The New York Times quoted Rodman as saying the current trip was to see Kim about friendship and sports. "I've come out here to see my friend. I want to talk about basketball."
The trip, however, raised speculation Rodman, during his five-day stay, may seek the release of Bae, whose various health problems and plea to be reunited with his family have become a matter of concern for the U.S. government. The United States and North Korea do not have diplomatic relations.
Xinhua, the official news agency of China, which is North Korea's closest ally, reported Rodman's arrival in Pyongyang "at the invitation" of North Korea's sports authority and said he was accompanied by Michael Peter Spavor, a Canadian non-government organization official, Joseph Douglas Tervillinger, a Columbia University professor, and Christopher Volo, a member of the Prince marketing group.
"They will stay till Sunday, visiting Mount Kumgang during their time here. It is not clear whether they will meet DPRK [Democratic People's Republic of North Korea] leader Kim Jong Un."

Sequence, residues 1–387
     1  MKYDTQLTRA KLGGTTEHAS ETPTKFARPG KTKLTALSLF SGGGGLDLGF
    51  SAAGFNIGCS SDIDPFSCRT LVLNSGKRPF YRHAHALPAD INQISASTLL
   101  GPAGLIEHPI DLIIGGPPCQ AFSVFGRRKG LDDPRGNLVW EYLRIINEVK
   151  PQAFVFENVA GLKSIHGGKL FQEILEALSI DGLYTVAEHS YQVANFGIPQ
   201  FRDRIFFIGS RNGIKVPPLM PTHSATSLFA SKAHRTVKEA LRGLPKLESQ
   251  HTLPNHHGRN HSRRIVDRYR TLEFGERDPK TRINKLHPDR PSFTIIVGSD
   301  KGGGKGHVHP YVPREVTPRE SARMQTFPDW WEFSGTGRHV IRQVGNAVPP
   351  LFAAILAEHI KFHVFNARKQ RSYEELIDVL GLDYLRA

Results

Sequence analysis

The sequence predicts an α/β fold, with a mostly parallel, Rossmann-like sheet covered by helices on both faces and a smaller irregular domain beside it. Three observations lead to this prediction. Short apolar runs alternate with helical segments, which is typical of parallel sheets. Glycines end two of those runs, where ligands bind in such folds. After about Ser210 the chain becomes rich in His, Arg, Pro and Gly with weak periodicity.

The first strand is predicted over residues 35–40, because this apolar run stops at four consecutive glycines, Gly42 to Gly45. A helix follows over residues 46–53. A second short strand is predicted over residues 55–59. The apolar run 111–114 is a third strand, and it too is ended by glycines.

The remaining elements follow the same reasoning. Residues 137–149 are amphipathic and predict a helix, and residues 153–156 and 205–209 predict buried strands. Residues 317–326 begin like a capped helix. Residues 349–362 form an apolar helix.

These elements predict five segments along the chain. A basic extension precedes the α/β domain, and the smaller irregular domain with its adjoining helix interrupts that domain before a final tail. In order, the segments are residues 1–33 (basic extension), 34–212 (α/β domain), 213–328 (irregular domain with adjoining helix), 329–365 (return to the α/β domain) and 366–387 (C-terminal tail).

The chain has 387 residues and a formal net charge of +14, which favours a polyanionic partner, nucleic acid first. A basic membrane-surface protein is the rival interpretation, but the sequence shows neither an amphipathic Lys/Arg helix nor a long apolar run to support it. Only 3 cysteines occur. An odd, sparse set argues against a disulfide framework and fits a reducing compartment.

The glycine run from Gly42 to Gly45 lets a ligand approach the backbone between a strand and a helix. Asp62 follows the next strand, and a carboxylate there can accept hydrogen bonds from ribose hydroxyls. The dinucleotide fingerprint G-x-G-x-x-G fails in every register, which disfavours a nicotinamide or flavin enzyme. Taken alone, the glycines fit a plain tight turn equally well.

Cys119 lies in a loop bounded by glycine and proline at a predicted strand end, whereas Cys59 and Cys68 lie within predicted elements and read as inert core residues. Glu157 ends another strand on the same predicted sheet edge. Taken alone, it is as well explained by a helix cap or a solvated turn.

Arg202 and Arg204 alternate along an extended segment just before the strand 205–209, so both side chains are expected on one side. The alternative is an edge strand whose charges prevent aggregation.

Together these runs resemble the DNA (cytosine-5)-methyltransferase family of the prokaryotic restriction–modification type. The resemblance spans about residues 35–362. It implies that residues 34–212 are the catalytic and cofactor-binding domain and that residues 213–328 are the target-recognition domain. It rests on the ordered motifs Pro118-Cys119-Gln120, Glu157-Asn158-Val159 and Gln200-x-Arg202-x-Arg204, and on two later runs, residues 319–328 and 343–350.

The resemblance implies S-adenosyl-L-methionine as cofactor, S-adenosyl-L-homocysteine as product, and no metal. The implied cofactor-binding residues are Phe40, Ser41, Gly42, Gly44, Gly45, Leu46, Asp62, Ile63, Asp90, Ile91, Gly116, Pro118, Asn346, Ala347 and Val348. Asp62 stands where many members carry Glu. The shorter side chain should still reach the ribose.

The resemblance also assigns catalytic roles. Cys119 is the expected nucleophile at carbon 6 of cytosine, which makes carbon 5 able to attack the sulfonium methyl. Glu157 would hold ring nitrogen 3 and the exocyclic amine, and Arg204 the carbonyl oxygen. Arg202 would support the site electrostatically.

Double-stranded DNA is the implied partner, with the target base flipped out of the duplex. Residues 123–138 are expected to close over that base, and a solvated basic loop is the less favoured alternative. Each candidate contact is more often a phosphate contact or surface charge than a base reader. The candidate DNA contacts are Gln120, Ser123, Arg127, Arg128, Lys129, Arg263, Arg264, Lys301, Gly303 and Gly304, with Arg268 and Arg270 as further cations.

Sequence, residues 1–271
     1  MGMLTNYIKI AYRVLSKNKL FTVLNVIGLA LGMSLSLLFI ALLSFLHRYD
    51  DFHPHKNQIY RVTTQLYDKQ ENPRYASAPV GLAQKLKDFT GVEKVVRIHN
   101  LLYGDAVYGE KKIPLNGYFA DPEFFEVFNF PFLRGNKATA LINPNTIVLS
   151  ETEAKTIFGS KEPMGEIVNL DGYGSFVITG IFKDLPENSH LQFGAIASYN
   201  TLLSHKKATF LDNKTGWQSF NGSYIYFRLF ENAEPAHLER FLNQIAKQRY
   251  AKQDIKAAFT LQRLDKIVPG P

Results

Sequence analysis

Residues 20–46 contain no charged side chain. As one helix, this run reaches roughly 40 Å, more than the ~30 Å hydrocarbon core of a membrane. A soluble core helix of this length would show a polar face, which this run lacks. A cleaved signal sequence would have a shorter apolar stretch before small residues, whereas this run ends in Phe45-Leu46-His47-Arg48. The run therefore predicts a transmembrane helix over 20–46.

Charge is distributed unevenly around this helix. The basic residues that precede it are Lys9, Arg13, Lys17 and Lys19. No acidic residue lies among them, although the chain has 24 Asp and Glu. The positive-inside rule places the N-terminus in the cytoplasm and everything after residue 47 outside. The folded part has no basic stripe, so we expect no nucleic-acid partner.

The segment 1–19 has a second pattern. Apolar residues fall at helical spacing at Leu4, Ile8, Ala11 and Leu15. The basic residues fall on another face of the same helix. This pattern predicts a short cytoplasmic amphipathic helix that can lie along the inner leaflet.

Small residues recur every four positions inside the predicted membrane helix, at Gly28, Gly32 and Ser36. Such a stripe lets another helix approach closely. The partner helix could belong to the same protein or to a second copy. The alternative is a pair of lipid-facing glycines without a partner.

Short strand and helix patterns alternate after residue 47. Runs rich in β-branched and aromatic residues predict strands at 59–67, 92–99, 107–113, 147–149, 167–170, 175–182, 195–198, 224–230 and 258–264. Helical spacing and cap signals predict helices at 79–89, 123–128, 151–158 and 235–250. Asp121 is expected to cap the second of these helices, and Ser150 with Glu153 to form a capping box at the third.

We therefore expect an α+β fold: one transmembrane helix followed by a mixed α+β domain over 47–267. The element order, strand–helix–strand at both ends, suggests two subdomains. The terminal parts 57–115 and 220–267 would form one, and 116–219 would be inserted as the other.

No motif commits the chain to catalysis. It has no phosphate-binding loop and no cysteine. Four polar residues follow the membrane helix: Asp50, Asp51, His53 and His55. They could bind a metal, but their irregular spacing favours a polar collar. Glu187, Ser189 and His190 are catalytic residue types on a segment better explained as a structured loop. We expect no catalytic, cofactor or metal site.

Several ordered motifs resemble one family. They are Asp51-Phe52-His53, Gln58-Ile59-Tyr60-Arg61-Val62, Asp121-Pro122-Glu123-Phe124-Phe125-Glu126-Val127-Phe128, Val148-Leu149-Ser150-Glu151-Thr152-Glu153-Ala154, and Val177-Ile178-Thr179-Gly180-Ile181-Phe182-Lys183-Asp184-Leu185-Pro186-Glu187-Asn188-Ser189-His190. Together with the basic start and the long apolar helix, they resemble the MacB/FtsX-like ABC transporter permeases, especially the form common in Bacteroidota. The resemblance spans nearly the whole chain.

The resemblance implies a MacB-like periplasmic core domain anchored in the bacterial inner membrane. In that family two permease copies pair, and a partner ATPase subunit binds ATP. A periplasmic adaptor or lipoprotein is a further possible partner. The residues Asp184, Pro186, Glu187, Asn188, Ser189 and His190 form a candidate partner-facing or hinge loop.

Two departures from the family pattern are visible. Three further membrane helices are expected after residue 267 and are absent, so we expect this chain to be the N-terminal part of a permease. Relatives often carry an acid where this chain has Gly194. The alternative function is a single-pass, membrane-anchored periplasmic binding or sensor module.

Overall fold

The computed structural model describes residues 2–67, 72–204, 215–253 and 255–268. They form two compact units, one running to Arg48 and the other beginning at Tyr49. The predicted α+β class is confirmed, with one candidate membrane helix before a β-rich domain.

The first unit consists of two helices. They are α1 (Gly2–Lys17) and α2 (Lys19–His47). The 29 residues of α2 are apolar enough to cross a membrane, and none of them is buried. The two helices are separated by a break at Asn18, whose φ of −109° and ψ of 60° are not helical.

Xinhua noted Rodman previous visit came "when tensions on the Korean Peninsula had soared after Pyongyang conducted its third nuclear test on Feb. 12."
The report said during that visit, Rodman attended an exhibition basketball match with Kim.
Rodman's current visit assumes significance after the North recently invited Robert King, U.S. special envoy for North Korean human rights issues, last week only to abruptly cancel the invitation. King had been scheduled to negotiate amnesty for Bae.
Rodman's trip is s being sponsored by Irish bookmaker Paddy Power, CNN reported. The report said Rodman has previously made no secret about his desire to help Bae.